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Play Ball!: "Damn Yankees" at the Clinton Area Showboat Theatre PDF Print E-mail
Theatre - Reviews
Written by Mike Schulz   
Tuesday, 19 July 2005 18:00
In the Clinton Area Showboat Theatre’s production of Damn Yankees, the characters you might find yourself adoring the most aren’t the devilish Applegate, or the seductress Lola, or newfound baseball star Joe Hardy, despite the considerable talents of those playing them. They’re Joe and Meg Boyd, whose story sets the plot in motion, and who – as portrayed by Rob Engelson and Nicole Horton – provide the show with more cumulative emotional impact than you might be expecting. Horton isn’t on stage as often as some of her co-stars, and Engelson appears even less frequently, but their spirits hover over the whole production, and it’s not until the last scene that you realize just how much of Damn Yankees’ success rests on how much you like Joe and Meg.

 
Making Something Delightful Out of "Nothing": Genesius Guild's "Much Ado About Nothing" PDF Print E-mail
Theatre - Reviews
Written by Mike Schulz   
Tuesday, 19 July 2005 18:00

Ah, Genesius Guild. By the time the company’s Saturday-night production of Much Ado About Nothing commenced, the quality of the show barely mattered, because I was already thoroughly amused by the audience.

 
The Underpants Fall, but Timber Lake's "The Underpants" Doesn’t PDF Print E-mail
Theatre - Reviews
Written by Mike Schulz   
Tuesday, 19 July 2005 18:00
If there’s one theatrical axiom I’ve subscribed to over the years – both as a performer and as an audience member – it’s this: If anything is going to go wrong with a production, it’ll go wrong on opening night. (Things also tend to go wrong when the show is being videotaped or ... ahem ... when a critic is in the audience, but that’s a whole ’nother story.)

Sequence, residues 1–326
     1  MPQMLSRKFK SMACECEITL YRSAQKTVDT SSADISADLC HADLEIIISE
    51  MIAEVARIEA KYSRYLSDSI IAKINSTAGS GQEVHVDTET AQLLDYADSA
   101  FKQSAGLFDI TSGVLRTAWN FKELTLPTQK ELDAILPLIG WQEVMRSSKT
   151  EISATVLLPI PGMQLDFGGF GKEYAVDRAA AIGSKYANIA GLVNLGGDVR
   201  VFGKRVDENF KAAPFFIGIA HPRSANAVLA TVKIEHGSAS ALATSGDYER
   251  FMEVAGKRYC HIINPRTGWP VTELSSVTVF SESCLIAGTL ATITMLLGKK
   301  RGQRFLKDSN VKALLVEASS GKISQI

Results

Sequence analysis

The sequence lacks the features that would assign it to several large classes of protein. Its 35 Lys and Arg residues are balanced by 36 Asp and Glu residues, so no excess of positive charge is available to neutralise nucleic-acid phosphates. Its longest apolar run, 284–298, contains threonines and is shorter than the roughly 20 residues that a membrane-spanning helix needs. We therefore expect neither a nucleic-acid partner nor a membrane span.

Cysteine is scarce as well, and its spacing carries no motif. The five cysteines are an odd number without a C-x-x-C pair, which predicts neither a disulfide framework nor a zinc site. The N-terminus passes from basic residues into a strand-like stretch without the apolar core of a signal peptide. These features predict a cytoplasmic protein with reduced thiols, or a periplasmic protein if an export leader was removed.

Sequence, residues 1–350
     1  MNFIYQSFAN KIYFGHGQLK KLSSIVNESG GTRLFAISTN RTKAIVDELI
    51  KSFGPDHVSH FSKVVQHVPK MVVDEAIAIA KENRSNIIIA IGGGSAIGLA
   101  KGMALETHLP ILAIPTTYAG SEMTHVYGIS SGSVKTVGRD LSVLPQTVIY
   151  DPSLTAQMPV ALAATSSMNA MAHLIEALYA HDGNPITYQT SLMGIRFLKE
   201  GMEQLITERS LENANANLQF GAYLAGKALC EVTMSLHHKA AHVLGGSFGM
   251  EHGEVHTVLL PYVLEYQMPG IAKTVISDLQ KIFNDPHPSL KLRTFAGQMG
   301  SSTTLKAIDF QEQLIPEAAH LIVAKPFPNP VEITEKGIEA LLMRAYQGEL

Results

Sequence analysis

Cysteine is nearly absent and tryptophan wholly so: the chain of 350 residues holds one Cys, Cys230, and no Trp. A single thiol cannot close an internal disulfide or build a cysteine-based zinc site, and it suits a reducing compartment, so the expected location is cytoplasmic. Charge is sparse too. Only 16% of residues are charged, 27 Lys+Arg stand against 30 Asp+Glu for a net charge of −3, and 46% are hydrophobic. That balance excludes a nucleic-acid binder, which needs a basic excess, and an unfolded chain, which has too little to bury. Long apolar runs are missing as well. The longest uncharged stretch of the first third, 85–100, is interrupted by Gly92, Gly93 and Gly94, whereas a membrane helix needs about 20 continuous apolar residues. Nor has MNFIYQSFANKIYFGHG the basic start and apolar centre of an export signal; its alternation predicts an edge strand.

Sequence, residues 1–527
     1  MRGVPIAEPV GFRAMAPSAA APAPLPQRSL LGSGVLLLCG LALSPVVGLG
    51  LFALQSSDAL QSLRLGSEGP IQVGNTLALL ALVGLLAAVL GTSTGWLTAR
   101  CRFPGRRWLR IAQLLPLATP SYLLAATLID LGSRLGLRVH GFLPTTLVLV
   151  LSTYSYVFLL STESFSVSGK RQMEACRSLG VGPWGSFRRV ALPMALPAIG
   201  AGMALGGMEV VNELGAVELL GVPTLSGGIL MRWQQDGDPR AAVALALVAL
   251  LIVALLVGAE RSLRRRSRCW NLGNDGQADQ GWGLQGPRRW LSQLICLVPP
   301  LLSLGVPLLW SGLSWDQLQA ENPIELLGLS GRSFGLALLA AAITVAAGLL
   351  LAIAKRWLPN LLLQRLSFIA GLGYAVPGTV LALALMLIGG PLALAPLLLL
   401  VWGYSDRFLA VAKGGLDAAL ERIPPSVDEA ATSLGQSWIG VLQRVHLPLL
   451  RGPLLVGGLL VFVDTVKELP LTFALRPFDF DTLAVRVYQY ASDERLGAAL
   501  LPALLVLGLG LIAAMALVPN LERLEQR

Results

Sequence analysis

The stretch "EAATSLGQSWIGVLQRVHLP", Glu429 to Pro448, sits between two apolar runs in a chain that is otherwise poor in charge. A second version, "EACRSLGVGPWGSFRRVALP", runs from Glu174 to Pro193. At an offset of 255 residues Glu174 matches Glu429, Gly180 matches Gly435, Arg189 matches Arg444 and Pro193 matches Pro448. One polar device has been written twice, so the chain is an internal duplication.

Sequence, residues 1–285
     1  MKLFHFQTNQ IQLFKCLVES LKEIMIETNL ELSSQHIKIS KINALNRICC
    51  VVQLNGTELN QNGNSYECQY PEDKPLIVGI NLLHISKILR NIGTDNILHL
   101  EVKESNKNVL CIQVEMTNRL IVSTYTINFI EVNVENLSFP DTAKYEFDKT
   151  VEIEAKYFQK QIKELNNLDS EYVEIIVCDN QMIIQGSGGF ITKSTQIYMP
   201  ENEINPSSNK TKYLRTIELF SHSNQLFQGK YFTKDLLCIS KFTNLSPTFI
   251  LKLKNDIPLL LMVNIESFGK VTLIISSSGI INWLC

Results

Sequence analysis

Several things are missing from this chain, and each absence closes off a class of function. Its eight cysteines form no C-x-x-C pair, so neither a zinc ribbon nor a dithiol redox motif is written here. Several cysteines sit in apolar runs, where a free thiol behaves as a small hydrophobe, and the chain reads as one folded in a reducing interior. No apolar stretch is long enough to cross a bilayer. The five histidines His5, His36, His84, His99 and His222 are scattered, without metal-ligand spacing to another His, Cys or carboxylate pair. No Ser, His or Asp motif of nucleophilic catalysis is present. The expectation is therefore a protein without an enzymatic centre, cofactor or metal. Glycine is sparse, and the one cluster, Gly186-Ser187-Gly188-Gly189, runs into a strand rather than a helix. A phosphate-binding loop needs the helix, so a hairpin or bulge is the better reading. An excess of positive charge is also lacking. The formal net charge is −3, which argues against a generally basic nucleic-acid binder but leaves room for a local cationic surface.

Music Guild Presents a Huge, Handsome "Fiddler on the Roof" PDF Print E-mail
Theatre - Reviews
Written by Mike Schulz   
Tuesday, 12 July 2005 18:00
It’s too bad that so many of us greet the news of another area production of Fiddler on the Roof with an audible groan, because the show itself is really, really good. The music is marvelous, the characters are enjoyable, the story is well-plotted and touching, it’s always funnier than you remember it being … if you’re a musical-theatre fan and if you’ve never seen it, you have no excuse. But, let’s face it, it can be a daunting musical to sit through. “I love that show,” you’ll hear people say, “but, Jesus, it’s long … .”

 
A Pleasing, If Uneven, Walk Through "the Forest": "Another Part of the Forest" at the Richmond Hill Barn Theatre PDF Print E-mail
Theatre - Reviews
Written by Mike Schulz   
Tuesday, 12 July 2005 18:00
There are two styles of drama going on in Lillian Hellman’s Another Part of the Forest, or at least there are in the Richmond Hill Players’ current production of it: domestic and melo-. A prequel of sorts to the author’s more widely known The Little Foxes, Another Part of the Forest features, as its central figure, patriarch Marcus Hubbard (Stan Weimer), the richest man in Bowden, Alabama, circa 1880. A cruel, conniving, even murderous despot, Marcus is universally reviled, especially by his children – Benjamin (James V. Driscoll), Oscar (Steve Mroz), and Regina (Keri Cousins) – all of whom, for reasons of their own, want their hands on the family fortune.

 
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